Carrie Williams Clifford was born in Chillicothe, Ohio, in 1862, making her a generation older than many of her peers (most writers active in the Harlem Renaissance were born after 1880). For the first half of her adult life, she did not publish poetry.
Clifford was born into a middle-class family; her mother was a successful businesswoman. Clifford lived in Cleveland for some years, before marrying William H. Clifford, an Ohio state legislator. Clifford was active in Cleveland with the National Association of Colored Women, and played a leadership role in that and other organizations focused on African American women's issues. Clifford was also an editor of the Cleveland Journal, an African American-oriented newspaper. In 1910, the couple moved to Washington, DC, where the Cliffords hosted gatherings with many prominent African-American activists, including W.E.B. Du Bois, Alain Locke, Georgia Douglas Johnson, and Mary Church Terrell.
Carrie Williams Clifford, portrait from "Race Rhymes" (1911)
Among the collections of poetry we have been reading while developing this archive, there is no doubt that Clifford's Race Rhymes (1911) is among the most forthright in its commitment to activism and racial justice. While Georgia Douglas Johnson and others aspired towards a certain level of polish -- perhaps influenced by critics like William Stanley Braithwaite -- here Clifford is first and foremost interested in producing verses that speak to the social issues of her day. In her preface to this collection, Clifford says as much: "In giving to the world this brochure, the author makes no claim to unusual poetic excellence or literary brilliance." This disavowal is arguable, though what is not arguable is how powerful Clifford's voice is in this work as well as her subsequent collection, The Widening Light.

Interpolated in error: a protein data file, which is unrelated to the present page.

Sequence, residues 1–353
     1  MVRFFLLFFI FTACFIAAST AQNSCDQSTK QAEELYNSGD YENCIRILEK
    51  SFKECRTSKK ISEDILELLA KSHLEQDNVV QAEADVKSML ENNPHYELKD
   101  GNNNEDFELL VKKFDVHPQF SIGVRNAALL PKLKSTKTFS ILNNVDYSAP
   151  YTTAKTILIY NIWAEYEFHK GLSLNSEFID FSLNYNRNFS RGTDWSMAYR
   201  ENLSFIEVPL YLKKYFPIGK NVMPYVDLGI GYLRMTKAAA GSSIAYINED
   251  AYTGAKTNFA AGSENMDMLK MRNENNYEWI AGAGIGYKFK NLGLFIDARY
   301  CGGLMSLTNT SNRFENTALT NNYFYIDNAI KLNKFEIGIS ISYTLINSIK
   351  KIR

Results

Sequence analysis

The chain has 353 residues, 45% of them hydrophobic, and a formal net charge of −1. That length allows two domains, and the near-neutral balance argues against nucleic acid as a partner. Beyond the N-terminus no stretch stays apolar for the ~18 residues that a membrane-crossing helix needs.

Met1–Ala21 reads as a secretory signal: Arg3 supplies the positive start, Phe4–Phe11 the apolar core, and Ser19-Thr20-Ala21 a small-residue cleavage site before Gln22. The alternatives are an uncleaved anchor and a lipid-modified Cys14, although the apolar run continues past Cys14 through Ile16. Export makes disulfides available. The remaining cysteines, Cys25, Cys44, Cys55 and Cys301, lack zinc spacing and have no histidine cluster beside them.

In her introduction to a recent edition of Clifford's poetry, P. Jane Splawn wrote of Clifford:
In her poetry and in her life, Clifford did indeed speak with a determination and resolve that would not be quenched by America's accomodationist desires for its black constituency. Clifford was unwavering in reminding America of African Americans' contributions of both their blood and labor for the progress of this country and in warning the 'boastful, white American[s]' who, as she saw it, must one day account to an avenging God for the offenses committed against blacks and other people of color. (Splawn, xvii-xviii)
To this reader, the poems that deal with concrete historical themes are among the most memorable, especially, "Lines to Garrison," "Foraker and the Twenty-Fifth," and "Atlanta's Shame." The first of those three poems narrates, in celebratory fashion, the life of famous abolitionist William Lloyd Garrison. "Foraker and the Twenty-Fifth" is an account of Joseph B. Foraker's contentious political quarrel with President Teddy Roosevelt over a historical event known as the "Brownsville Affair," where an entire battalion of African-American troops was dishonorably discharged by the President for dubious reasons. Finally, "Atlanta's Shame" is a response to the Atlanta Race Riot of 1906, which which left as many as 100 African-American men dead following questionable claims of sexual assault on white women.
--Amardeep Singh, Lehigh University
P. Jane Slawn, "Introduction." Writings of Carrie Williams Clifford and Carrie Law Morgan Figgs. New York: G.G. Hall & Co., 1996.